April 24 - Six Greenpeace activists board a ship at sea in protest at coal exports they say are damaging the Great Barrier Reef off Australia's east coast. Rough Cut (no reporter narration).
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Six Greenpeace activists boarded a coal ship bound for South Korea near Australia's Great Barrier Reef on Wednesday (April 24), protesting against the expansion of the rich Australian coal industry and its impact on the World Heritage site.
Environmentalists say the Great Barrier Reef, a popular tourist site worth about A$6 billion ($6.1 billion) a year to the Australia economy, is threatened by dredging, sedimentation and coal port and shipping development.
UNESCO will decide in June whether the reef should be listed as a World Heritage Site in danger.
The ship MV Meister was carrying thermal coal from Abbot Point in northern Queensland state, a port that falls within the Great Barrier Reef heritage area, and was still in Australian waters in the Coral Sea when it was boarded en route to Donghae in South Korea.
Activists launched inflatable boats from the Rainbow Warrior and boarded the coal vessel early on Wednesday.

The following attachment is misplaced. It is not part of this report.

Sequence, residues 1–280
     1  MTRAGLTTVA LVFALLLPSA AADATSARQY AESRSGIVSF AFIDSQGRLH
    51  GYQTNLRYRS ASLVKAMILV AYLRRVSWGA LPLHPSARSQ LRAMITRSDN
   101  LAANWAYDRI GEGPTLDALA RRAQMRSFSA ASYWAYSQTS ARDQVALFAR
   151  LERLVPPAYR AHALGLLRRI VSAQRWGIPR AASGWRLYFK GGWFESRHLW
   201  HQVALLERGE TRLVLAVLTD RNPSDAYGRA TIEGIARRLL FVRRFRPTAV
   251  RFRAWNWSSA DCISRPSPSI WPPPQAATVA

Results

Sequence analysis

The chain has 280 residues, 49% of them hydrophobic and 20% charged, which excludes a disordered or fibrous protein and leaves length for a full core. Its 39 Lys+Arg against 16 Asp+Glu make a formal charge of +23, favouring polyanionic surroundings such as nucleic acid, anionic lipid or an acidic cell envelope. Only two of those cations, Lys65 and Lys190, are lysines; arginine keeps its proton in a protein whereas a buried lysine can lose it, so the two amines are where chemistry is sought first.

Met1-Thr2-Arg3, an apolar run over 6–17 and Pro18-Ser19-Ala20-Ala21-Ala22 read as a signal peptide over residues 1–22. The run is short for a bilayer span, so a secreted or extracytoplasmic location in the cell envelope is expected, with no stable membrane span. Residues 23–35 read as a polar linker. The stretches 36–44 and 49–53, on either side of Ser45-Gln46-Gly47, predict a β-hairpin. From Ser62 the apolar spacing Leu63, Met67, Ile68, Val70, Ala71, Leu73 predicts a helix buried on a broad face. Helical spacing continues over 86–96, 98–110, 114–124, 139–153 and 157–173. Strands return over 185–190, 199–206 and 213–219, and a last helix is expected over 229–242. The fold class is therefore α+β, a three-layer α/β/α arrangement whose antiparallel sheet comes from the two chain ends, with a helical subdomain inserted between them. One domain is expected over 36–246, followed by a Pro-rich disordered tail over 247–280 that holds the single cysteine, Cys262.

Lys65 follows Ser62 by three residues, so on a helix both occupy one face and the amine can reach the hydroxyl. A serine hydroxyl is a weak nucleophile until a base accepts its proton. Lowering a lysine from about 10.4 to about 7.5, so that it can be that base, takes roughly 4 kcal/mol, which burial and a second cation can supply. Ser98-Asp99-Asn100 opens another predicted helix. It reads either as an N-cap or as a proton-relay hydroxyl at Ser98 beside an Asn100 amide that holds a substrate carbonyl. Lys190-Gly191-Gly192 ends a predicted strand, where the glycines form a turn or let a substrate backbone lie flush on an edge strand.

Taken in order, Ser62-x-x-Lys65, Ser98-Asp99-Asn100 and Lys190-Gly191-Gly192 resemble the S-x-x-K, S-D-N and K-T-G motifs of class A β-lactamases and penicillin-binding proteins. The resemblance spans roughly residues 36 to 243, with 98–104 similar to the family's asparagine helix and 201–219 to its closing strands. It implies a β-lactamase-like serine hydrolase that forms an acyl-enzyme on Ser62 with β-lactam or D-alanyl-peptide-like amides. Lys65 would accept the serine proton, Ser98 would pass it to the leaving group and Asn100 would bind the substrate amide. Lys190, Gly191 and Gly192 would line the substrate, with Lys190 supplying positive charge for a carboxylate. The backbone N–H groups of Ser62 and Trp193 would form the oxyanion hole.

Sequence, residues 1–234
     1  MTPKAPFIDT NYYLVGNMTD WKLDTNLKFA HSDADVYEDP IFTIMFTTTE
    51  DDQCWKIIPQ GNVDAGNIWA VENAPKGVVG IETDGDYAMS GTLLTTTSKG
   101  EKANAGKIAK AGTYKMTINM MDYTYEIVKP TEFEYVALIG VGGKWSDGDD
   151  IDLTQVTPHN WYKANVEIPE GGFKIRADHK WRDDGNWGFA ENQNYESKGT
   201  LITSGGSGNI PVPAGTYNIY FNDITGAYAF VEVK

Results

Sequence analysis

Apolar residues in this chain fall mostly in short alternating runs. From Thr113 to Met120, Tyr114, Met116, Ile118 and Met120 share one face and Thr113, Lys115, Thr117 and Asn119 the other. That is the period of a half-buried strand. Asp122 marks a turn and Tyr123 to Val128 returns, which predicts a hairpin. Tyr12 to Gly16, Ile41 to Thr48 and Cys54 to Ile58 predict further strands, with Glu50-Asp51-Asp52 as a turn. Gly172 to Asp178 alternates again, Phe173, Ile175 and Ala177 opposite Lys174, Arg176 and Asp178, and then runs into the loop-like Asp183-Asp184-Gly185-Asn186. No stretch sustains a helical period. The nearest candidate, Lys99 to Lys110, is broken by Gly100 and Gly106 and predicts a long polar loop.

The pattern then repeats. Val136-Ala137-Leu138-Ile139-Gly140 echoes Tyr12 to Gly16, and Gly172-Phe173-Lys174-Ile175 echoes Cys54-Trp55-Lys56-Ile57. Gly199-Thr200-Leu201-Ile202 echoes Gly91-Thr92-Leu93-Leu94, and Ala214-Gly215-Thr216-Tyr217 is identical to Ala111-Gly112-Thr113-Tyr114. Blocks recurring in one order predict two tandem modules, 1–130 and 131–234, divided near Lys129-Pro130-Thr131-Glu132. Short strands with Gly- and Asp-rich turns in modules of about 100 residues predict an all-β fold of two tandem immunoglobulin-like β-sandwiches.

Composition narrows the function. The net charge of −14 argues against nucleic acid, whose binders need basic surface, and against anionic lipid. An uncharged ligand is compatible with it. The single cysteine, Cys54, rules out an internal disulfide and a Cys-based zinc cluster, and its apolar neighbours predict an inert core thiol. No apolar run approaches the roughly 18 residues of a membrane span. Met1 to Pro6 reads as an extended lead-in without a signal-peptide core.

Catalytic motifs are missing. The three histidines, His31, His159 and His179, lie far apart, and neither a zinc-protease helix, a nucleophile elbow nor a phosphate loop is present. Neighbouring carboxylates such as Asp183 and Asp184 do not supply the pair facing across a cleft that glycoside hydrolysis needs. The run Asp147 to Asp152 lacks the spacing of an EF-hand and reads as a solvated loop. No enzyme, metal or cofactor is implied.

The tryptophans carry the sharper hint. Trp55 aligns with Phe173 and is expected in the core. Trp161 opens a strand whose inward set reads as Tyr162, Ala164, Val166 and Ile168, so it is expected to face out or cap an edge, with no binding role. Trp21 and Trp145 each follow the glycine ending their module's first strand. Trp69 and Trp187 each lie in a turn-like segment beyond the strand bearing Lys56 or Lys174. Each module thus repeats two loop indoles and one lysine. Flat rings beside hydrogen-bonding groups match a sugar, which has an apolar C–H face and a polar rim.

"Please be advised Sir that we have six volunteers boarding your vessel," Peter Willcox, Captain of the Greenpeace flagship Rainbow Warrior, told the MV Meister by radio.
"They will not interfere with your ship or its equipment and they will remain on deck," he said.
"We've established a peaceful protest on board this ship because the Australian government has utterly failed to do anything to reduce our biggest single contribution to climate change which is our coal export industry," said Georgina Woods, a climate campaigner onboard the Rainbow Warrior.
A letter was handed to the captain of the ship detailing their reasons for the occupation.
The Australian Coal Association, an advocacy body representing the industry, said the action was dangerous and irresponsible.
Coal is Australia's second-largest commodity, with exports increasing some 50 percent over the past 10 years and worth almost A$60 billion in 2011-2012.
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